Taiwanese Journal of Psychiatry

LETTER TO THE EDITOR
Year
: 2022  |  Volume : 36  |  Issue : 2  |  Page : 97--99

A comparison of core depressive symptom improvement with anxiety symptom reduction for depressed patients treated with fluoxetine


Feng- Chuan Chen1, Ta- Chun Lin2, Hsin- Yi Lin3, Ching- Hua Lin4,  
1 Kaohsiung Municipal Kai-Syuan Psychiatric Hospital, Kaohsiung, Taiwan
2 Department of Medical Education and Research, Kaohsiung Veterans General Hospital, Kaohsiung, Taiwan
3 Department of Medical Education, Cathay General Hospital, Taipei, Taiwan
4 Kaohsiung Municipal Kai-Syuan Psychiatric Hospital; Department of Psychiatry, School of Medicine, College of Medicine, Kaohsiung Medical University, Kaohsiung, Taiwan

Correspondence Address:
Ching- Hua Lin
130, Kai-Syuan Second Road, Ling-Ya District, Kaohsiung 802
Taiwan




How to cite this article:
Chen FC, Lin TC, Lin HY, Lin CH. A comparison of core depressive symptom improvement with anxiety symptom reduction for depressed patients treated with fluoxetine.Taiwan J Psychiatry 2022;36:97-99


How to cite this URL:
Chen FC, Lin TC, Lin HY, Lin CH. A comparison of core depressive symptom improvement with anxiety symptom reduction for depressed patients treated with fluoxetine. Taiwan J Psychiatry [serial online] 2022 [cited 2022 Oct 7 ];36:97-99
Available from: http://www.e-tjp.org/text.asp?2022/36/2/97/348850


Full Text



Anxiety and depression are the most common coexisting psychological problems for patients with major depressive disorder (MDD). Treatment with antidepressant drugs can improve the symptoms of both anxiety and depression [1],[2]. Therefore, first-line psychopharmacological therapies may not be much different for an MDD patient with anxiety symptoms than for an MDD patient who has anxiety disorders with the full criteria of anxiety symptoms [3]. A meta-analysis of cognitive-behavioral therapy for youth depression was found effect sizes in anxiety symptom reduction (d = 0.39) that are less than those for depressive symptom improvement (d = 0.57) [4]. We explored the relationships between core depression symptoms and anxiety symptoms at each visit for inpatients receiving acute treatment with fluoxetine and attempted to know if depression and anxiety showed differential rates of changes. (Fluoxetine is a serotonin reuptake inhibitor as defined in the neuroscience-based nomenclature system [www.NbN.ECNP.org or www.NbN2r.com]). As the MDD patients received cognitive-behavioral therapy [4], we hypothesized that core depression symptoms would improve more quickly than anxiety symptoms during the acute treatment with fluoxetine.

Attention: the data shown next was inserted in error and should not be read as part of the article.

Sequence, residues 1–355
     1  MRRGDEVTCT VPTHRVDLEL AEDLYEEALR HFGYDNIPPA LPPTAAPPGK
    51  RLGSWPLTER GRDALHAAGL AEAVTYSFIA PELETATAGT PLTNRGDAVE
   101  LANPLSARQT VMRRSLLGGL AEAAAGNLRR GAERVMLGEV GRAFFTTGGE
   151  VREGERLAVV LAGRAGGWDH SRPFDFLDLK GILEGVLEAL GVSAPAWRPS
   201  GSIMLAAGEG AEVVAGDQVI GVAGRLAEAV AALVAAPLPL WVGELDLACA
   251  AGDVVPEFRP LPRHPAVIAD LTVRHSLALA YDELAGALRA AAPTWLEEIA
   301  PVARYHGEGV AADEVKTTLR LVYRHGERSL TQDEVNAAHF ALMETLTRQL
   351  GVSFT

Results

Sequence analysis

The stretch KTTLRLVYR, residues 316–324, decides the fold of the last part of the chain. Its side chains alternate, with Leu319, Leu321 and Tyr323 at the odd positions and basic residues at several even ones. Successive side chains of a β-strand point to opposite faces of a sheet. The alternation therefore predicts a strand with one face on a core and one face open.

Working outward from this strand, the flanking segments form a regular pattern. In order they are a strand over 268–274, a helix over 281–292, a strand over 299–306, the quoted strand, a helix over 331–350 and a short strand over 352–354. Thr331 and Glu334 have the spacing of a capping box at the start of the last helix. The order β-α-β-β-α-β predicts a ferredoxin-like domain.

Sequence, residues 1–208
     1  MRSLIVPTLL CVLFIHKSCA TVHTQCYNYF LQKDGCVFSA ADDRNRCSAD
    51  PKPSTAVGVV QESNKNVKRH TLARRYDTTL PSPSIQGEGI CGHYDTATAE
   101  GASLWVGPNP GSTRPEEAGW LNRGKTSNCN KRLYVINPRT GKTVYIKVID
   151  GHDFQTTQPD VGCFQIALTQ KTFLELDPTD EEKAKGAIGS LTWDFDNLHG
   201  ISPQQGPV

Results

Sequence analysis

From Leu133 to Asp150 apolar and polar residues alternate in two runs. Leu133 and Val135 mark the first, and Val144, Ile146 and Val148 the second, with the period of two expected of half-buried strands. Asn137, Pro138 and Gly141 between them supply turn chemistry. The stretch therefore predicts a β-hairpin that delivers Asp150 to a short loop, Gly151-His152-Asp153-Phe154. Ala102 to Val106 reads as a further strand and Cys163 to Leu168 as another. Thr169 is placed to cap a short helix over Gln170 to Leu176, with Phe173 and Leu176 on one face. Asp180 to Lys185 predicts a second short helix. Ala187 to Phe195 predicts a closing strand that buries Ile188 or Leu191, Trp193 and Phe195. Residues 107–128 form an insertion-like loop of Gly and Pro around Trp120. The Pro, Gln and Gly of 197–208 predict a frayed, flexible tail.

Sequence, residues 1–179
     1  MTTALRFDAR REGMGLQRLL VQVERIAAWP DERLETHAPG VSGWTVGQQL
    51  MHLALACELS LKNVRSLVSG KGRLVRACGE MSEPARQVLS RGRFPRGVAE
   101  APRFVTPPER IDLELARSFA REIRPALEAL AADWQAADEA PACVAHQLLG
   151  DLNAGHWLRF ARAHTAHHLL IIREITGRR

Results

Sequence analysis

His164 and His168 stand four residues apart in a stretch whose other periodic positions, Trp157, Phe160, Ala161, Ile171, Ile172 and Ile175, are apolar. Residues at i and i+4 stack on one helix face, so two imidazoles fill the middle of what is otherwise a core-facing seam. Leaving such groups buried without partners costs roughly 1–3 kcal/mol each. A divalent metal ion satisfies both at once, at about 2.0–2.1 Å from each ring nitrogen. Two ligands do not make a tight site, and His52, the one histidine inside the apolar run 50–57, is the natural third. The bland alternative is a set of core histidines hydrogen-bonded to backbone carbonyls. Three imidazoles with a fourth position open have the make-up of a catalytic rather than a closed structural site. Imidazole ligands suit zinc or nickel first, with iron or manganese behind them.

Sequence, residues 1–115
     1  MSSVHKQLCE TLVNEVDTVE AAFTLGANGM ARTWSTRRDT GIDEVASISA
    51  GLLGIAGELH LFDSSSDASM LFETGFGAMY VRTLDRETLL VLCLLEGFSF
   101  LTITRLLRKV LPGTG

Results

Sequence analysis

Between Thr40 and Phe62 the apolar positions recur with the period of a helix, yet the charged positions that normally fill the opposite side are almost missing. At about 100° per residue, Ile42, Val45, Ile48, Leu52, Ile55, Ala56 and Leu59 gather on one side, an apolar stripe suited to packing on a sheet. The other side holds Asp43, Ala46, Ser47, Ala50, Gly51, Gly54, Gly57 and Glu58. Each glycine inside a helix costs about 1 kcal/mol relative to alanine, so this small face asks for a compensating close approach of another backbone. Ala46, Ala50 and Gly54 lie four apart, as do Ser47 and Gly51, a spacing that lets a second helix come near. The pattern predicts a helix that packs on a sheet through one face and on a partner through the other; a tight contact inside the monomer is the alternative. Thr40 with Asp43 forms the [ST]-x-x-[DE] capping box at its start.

As previously described in details [5], inpatients with DMS-IV MDD receiving fluoxetine for acute treatment entered the analysis. The current study was done from May 1, 2007, to February 28, 2010. Participants were considered eligible if they were patients newly hospitalized for acute treatment, were aged between 18 and 70 years, were physically healthy, had a baseline 17-item Hamilton Depression Rating Scale (HAMD-17) [6] score ≥18, and were not been diagnosed as treatment-resistant depression.

After a washout period of at least 72 hours, patients received open-label fluoxetine treatment at a fixed dose of 20 mg daily for 6 weeks. Symptom severity was assessed at baseline and at weeks 1, 2, 3, 4, and 6 using the HAMD-17. The HAMD-17 anxiety/somatization subscale [7], including six items namely the items for psychic anxiety (Item 10), somatic anxiety (Item 11), gastrointestinal somatic symptoms (Item 12), general somatic symptoms (Item 13), hypochondriasis (Item 15), and insight (Item 17), was used to measure the severity of anxiety symptoms. The HAMD-17 core factor subscale [8], including five items from the HAMD-17 namely the items for depressed mood (Item 1), feelings of guilt (Item 2), suicide (Item 3), work and activities-loss of interest or pleasures (Item 7), and psychomotor retardation (Item 8), was used to reflect the severity of depression symptoms.

Core factor subscale and anxiety/somatization subscale have different metrics. Effect size (d) is appropriate for comparisons involving scales with different metrics and is defined as the mean of difference between baseline and posttreatment scores for each measure, divided by the standard deviation (SD) of difference [9]. A d-value of 0.20 indicates a small effect size, 0.50 a medium effect size, and 0.80 a large effect size [10]. Pearson's correlation coefficient (r) was used to quantify the association between core factor subscale and anxiety/somatization subscale. A strong association is defined as a correlation greater than 0.70, moderate-to-substantial as a correlation of 0.30–0.70, and weak as a correlation less than 0.30 [11].

To compare the degrees of changes between core depression symptoms and anxiety symptoms after treatment, both the core factor subscale and anxiety/somatization subscale scores were converted to T-score units (mean ± SD = 50 ± 10). The T-score was calculated by the following formula [12]: XT = ([Xraw − X̄pretreatment]/SDpretreatment) × 10 + 50. The generalized estimating equations (GEEs) method was applied to compare degrees of core depression symptom relief to those of anxiety symptom improvement at each assessment.